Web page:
As a consequence of the intervention in the Indian nuclear currency market, many Iranians speculate that, in short order, the U.S. will subordinate nonproliferation objectives vis a vis Iran, as it has with India. American officials (and analysts like me) can correctly list the vital differences between Iran and India, and insist that what’s being done for India would not be done for Iran or any other non-nuclear-weapon state under the NPT. Still, Iranians and many other observers calculate that Iran is civilizationally greater than Pakistan and on par with India. Iran has greater energy resources than both, and occupies a vital geostrategic position. Therefore, some Iranians assume, the Indian model can be adapted to their country.

We should imagine that if Iran succeeds, Turks and Egyptians, and perhaps South Koreans and Japanese, may revise their own calculations. To the extent that these countries are friendly toward the United States, they will believe, with some reason, that Realist interests in America ultimately would accommodate their acquisition of nuclear weapons.

This currency intervention, as it were, contravenes Realist interests whether one favors an international model with the U.S. as an unrivalled, unipolar power, or a model with the U.S. as a liberal institution builder. Either way, the U.S. is best served by diminishing the attractiveness of nuclear weapons both as military instruments and as symbols of power. In military terms, the spread of nuclear weapons to additional actors’ – states or terrorists – reduces the freedom with which the U.S. can project its military power or exercise its will in crises. Nuclear weapons can be equalizers; the U.S. is likely to be the equalizee, as the former chairman of the House Armed Services Committee, Les Aspin once put it.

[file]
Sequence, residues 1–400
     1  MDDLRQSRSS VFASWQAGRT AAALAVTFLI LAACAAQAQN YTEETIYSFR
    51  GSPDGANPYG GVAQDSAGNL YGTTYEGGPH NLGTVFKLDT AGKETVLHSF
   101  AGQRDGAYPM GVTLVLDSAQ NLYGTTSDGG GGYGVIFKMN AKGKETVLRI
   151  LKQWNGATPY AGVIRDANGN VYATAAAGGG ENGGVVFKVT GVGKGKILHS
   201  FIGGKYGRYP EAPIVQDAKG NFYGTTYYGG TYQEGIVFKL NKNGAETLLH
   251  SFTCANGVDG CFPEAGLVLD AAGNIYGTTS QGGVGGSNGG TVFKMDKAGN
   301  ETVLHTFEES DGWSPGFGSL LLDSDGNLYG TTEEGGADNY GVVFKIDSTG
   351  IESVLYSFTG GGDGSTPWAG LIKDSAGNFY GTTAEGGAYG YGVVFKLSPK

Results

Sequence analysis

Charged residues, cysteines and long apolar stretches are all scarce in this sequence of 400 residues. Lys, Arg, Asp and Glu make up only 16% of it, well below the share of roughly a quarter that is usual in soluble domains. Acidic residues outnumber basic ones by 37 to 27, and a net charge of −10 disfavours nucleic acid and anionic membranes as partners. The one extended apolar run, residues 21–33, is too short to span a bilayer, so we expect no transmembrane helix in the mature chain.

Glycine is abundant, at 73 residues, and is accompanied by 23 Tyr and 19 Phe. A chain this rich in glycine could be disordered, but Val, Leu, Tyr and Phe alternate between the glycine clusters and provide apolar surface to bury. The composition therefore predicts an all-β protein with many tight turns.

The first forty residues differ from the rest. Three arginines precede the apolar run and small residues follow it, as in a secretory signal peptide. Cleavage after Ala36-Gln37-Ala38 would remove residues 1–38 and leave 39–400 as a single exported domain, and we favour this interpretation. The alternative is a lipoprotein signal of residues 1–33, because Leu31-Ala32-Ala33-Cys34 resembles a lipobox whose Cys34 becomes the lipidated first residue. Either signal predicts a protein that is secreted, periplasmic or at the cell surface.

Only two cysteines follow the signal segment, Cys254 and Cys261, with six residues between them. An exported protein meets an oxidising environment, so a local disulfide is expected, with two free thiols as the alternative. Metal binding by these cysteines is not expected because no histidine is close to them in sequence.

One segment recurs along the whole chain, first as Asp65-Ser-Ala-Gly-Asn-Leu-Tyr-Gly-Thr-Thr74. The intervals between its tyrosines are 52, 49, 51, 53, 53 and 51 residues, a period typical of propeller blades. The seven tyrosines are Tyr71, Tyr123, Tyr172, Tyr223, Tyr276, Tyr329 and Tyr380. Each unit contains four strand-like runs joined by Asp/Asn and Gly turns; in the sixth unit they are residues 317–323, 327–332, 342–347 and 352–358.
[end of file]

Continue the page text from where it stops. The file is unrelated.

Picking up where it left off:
Certainly the U.S. will try to deprive Iran and other hostile countries from acquiring this technology precisely to prevent limitations on American power projection. Yet Washington’s capacity to rally the international coalition necessary to achieve this objective is vitiated by the specific strategy and tactics it is employing against Iran, and the broader climate created by the India deal.

To the extent that states capable of producing nuclear weapons conclude from the India deal that they can begin to develop hedging capabilities, and bet that the U.S. or others will gradually accommodate them as it is accommodating India, it is prudent to anticipate that Japan, South Korea, Indonesia, and perhaps Turkey and Egypt might move to achieve nascent fissile material production facilities. Other factors more immediate than the U.S.-India deal would be more important in driving such decisions, particularly the future of the North Korean and Iranian nuclear programs. Still, the accommodation being offered to India will increase, rather than decrease, the probabilities of such hedging by governments that know the U.S. will not see them as enemies.

If states in Northeast, Southeast and Southwest Asia move to acquire overt or recessed nuclear weapon capabilities, the U.S., as the world’s greatest power, will face an overwhelming challenge. As Henry Kissinger recently wrote, “The management of a nuclear-armed world would be infinitely more complex than maintaining the deterrent balance of two Cold War superpowers. The various nuclear countries would not only have to maintain deterrent balances with their own adversaries, a process that would not necessarily follow the principles and practices that have evolved over decades among the existing nuclear states. They would have the ability and incentives to declare themselves as interested parties in general confrontations.” [Washington Post, May 16, 2006] It is reasonable to assume that the U.S. would have interests in all such confrontations, and therefore would face greater nuclear risks and challenges than any it has known thus far.